Only half a dozen years ago, Elissa Sangster had pretty much given up hope that female enrollment in MBA programs would ever equal the much higher numbers at law and medical schools during her lifetime. The executive director of the Forté Foundation then said she would like to see MBA programs get to the 40% level.
“I’d like to see the day when a school puts together teams of MBAs and they just don’t have one woman,” she told Poets&Quants in an interview in 2011. “It’s been a decade, and we’ve seen it move a few points. But I don’t think we’ll get to 50 percent.”
Fast forward to this year’s incoming classes at leading business schools and it’s quite a different story. A newly released study out today (Nov. 30) by Forté has found that women’s enrollment at Forté member schools has steadily gained each year. This fall, 17 schools had 40% or more women enrolled, up from only two schools that reached this milestone in the fall of 2013. Another 26 schools report 35% or more women enrolled, more than double from 12 schools in 2013. Overall, women made up an average 37.4% of this fall’s incoming MBA classes at Forté member schools, up four percentage points from 33.4% five years ago in the fall of 2013.
PREDICTION: AT LEAST ONE LEADING BUSINESS SCHOOL WILL REACH GENDER PARITY BY 2020
The progress achieved in recent years has now led Sangster to expect that at least one leading school will reach gender parity within three years by 2020. “A lot of deadlines have been set on 2020, and I am just hopeful there is a school out there that will hit that mark. We are on a positive trend, and I don’t see that turning. This progress demonstrates that gender parity is not a pipe dream,” says Sangster, who joked that her more pessimistic prediction six years ago occurred because she had done her earlier interview on two hours of sleep.
In many cases, the increased numbers of women streaming into MBA programs is changing the on-campus dynamic. “Forty percent is a place where women are no longer feeling like the minority,” adds Sangster. “It’s a welcoming environment versus 25%. Even if we are not at 50% yet, we’re getting close. There is a race to get there. Wharton and a few other schools have taken a leadership position and the others at the top have followed. Schools are taking it very seriously and they want to see this milestone of gender parity reached.”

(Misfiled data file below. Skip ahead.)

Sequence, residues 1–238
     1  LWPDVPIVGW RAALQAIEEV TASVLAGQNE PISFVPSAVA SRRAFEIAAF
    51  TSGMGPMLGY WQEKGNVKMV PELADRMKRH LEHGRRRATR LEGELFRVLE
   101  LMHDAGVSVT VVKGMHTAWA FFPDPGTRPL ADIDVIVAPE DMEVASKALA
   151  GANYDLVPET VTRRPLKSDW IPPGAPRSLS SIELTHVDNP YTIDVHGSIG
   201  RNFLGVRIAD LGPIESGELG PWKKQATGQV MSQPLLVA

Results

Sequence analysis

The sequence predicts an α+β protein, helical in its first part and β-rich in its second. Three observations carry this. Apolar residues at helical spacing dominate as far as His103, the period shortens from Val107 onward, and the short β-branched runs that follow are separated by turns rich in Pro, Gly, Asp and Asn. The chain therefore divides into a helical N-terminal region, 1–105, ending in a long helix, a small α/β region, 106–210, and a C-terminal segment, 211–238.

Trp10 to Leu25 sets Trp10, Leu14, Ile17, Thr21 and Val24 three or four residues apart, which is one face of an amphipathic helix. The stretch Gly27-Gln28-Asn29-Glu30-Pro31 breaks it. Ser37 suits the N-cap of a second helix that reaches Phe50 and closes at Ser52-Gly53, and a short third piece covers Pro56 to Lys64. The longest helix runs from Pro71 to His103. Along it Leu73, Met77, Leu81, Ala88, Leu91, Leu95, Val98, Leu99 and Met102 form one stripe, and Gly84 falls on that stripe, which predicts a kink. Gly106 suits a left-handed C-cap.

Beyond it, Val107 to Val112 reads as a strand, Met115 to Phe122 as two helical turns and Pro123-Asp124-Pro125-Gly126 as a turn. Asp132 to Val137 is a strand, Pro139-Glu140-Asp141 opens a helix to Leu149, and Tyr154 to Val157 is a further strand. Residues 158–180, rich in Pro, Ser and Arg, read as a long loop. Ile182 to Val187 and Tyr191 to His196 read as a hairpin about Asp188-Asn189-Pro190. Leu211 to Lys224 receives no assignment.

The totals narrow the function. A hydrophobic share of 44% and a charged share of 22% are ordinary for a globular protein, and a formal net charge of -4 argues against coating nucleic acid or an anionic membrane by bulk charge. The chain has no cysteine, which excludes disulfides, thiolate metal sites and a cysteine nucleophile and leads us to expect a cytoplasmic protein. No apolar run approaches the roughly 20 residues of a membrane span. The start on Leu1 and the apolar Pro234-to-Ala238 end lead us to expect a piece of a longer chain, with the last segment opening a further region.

Much of the progress in encouraging more women to enroll in MBA programs has been made at the leading business schools. In the past five years, for example, every single Top Ten MBA program can today boast that they have more women in classrooms than ever before. In many cases, the gains have been stunning. At Dartmouth College’s Tuck School of Business, women make up 44% of this year’s entering class, up 11 percentage points or 33% higher than the 33% in the Class of 2014. Northwestern University’s Kellogg School of Management, under the leadership of a female dean, has grown its enrollment of women by ten percentage points in the same timeframe, to 42% this year from 34%. At UC-Berkeley’s Haas School, women composed 40% of this fall’s new MBA class, up nine percentage points from 31% five years ago (see table below).
NOT ALL HIGHLY PROMINENT SCHOOLS ARE AT RECORD OR NEAR-RECORD LEVELS
Many other schools also have now reached or exceeded the 40% level. They include the University of Michigan’s Ross School of Business (43%), the University of Toronto’s Rotman School of Management (41%), the University of Texas’ McCombs School of Business (40%), Arizona State University’s W. P. Carey School (40%), and Oxford’s Said Business School (40%). Many more MBA programs are just below that level, including Washington University’s Olin School (39%) and the University of Virginia’s Darden School of Business (38%).
Schools have lured more women into their programs with generous scholarship support, more active recruitment efforts by admissions staffers, female alumni and students, and mentorship programs for women once on campus. A number of schools, including Harvard, have reached out to female undergraduates in hopes of increasing the pipeline of women to MBA programs years later. And students at many schools have formed groups of male allies to promote inclusion and create a more welcoming atmosphere. Sangster notes that there are now 24 chapters of male allies at Forté’s 51 member schools, up from none five years ago. “There are so many men who want to get this right,” she says. “The whole point is to have an awkward conversation and not be the bystander who walks away when they saw something suspicious happening.”
The progress reported by some of the big brand schools, however, has often come at the expense of many other schools as the elites have dipped deeper into the overall MBA applicant pool to increase women enrollment. Deans privately acknowledge that the percentage of women in their applicant pools can trail their enrollment numbers by five or more percentage points. Several prominent schools with highly ranked MBA programs have seen their women numbers drop, including Vanderbilt University’s Owen School (26%), Cornell’s Johnson Graduate School of Management (27%), and Carnegie Mellon’s Tepper School (27%).